Dynamic SQL executed in a stored procedure executes by default using the security context of the CALLER of the procedure rather than the OWNER. That's the way SQL Server has always worked, and although SQL Server 2005 lets you EXECUTE AS OWNER (among other choices), EXECUTE AS CALLER is still the default.

So how does this relate to SQL statements execute in a .NET stored procedure, function, or trigger? Do these execute as caller or owner? Turns out it depends on what statement you are executing. Executing an "ordinary" SQL statement like this:

public static void GetAuthorsNET {
using (SqlConnection conn = new SqlConnection("context connection=true"))
using (SqlCommand cmd = new SqlCommand("select * from dbo.authors", conn)
{
  conn.Open();
  SqlContext.Pipe.ExecuteAndSend(cmd);
}
}

GRANT someuser EXECUTE on dbo.GetAuthorsNET

EXECUTE AS USER='someuser'
EXEC dbo.GetAuthorsNET
GO
REVERT

executes the SELECT statement in the .NET code as CALLER and throws a permission denied error if the caller doesn't have direct SELECT access to the authors table. The same contruct in a T-SQL procedure:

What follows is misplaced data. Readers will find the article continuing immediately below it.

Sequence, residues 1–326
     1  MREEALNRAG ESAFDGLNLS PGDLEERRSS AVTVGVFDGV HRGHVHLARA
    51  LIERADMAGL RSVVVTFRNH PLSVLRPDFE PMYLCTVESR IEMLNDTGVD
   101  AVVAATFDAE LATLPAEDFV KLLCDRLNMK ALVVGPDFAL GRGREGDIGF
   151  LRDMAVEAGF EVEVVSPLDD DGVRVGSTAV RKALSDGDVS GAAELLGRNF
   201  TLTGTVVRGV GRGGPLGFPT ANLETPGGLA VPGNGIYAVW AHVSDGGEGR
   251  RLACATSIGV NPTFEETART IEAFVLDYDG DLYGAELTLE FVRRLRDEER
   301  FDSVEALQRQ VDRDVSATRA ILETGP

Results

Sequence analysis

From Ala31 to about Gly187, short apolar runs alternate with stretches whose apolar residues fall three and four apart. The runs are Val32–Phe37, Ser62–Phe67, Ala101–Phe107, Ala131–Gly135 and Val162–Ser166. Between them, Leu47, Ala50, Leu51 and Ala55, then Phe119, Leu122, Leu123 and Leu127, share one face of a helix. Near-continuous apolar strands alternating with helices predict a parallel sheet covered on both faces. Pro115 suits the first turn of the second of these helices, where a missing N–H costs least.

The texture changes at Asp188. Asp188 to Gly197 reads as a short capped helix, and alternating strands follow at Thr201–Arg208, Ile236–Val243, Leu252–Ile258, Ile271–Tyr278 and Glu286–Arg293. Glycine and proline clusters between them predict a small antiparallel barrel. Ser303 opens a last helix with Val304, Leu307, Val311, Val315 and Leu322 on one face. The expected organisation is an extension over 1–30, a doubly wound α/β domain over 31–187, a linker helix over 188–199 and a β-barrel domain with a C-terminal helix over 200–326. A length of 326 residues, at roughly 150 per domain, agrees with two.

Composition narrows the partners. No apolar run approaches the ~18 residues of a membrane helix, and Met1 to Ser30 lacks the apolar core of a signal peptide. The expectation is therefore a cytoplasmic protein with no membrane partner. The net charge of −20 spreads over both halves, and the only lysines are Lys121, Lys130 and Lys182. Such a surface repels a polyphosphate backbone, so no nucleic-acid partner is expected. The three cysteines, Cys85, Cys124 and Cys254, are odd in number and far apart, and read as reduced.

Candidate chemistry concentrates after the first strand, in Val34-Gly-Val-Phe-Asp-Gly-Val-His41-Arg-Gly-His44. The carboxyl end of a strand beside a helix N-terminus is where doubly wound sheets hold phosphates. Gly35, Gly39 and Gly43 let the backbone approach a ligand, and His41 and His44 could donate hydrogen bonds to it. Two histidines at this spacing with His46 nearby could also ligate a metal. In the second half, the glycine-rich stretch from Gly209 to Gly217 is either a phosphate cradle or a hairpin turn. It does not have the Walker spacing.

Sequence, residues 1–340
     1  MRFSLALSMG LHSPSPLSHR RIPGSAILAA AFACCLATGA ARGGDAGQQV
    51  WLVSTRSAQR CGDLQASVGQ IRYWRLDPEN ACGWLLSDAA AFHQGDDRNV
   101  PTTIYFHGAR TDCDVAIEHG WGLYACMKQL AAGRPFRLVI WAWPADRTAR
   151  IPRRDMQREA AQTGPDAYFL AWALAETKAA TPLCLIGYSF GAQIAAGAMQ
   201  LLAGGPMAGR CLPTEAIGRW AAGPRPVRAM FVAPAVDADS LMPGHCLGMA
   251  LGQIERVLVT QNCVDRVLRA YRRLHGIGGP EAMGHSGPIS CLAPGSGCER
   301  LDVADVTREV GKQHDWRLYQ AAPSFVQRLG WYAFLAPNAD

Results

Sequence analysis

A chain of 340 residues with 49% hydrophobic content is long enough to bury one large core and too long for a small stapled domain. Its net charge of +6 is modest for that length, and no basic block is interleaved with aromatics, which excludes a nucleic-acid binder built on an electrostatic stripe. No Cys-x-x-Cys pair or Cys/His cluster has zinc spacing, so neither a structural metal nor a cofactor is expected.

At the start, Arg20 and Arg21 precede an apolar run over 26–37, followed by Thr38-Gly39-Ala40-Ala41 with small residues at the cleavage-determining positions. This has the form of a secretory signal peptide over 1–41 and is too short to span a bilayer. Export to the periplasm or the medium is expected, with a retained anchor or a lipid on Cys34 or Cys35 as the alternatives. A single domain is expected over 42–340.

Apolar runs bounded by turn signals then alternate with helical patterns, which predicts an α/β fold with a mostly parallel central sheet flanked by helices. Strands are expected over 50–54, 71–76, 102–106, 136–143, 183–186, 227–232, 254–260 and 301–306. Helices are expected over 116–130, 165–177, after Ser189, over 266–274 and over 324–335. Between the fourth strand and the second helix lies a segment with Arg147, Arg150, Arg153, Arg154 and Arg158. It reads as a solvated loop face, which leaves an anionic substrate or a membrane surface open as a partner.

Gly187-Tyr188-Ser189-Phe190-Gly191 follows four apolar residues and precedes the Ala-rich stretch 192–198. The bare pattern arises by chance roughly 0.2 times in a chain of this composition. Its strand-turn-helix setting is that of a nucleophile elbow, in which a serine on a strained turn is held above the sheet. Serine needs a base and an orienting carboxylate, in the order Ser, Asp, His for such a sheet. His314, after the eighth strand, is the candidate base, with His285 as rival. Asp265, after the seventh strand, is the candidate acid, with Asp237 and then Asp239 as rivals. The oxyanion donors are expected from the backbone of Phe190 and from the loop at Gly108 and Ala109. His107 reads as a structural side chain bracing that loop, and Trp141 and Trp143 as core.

CREATE PROCEDURE dbo.GetAuthorsSQL
AS
SELECT * FROM dbo.authors

GRANT someuser EXECUTE on dbo.GetAuthorsSQL

would execute the SELECT as the OWNER of the stored procedure, not the caller and the SELECT succeeds.

OK. How about the following .NET code? Does it execute dbo.byroyalty as the OWNER of the stored procedure?

public static void ExecByRoyalty {
using (SqlConnection conn = new SqlConnection("context connection=true"))
using (SqlCommand cmd = new SqlCommand("dbo.byroyalty", conn)
{
  cmd.CommandType = CommandType.StoredProcedure;
  cmd.Parameters.AddWithValue("@percentage", 50);
  conn.Open();
  SqlContext.Pipe.ExecuteAndSend(cmd);
}
}

GRANT someuser EXECUTE on dbo.ExecByRoyalty — grant on calling proc (owner by dbo)
DENY someuser EXECUTE on dbo.ByRoyalty — deny on called proc

This executes the ByRoyalty proc AS the OWNER of the ExecByRoyalty proc, ownership chain intact. Even if someuser executes ExecByRoyalty. Oh.

Time for a tiebreaker. How about this one?

public static void ExecByRoyaltyAsString {
using (SqlConnection conn = new SqlConnection("context connection=true"))
using (SqlCommand cmd = new SqlCommand("exec dbo.byroyalty @perc", conn)
{
  cmd.CommandType = CommandType.Text; // not a sproc, a textual execute statement, does it matter?
  cmd.Parameters.AddWithValue("@perc", 50);
  conn.Open();
  SqlContext.Pipe.ExecuteAndSend(cmd);
}
}

This executes the ByRoyalty proc AS the OWNER of the ExecByRoyaltyAsString proc, ownership chain intact. The sproc works even when 'someuser' executes it. Interesting.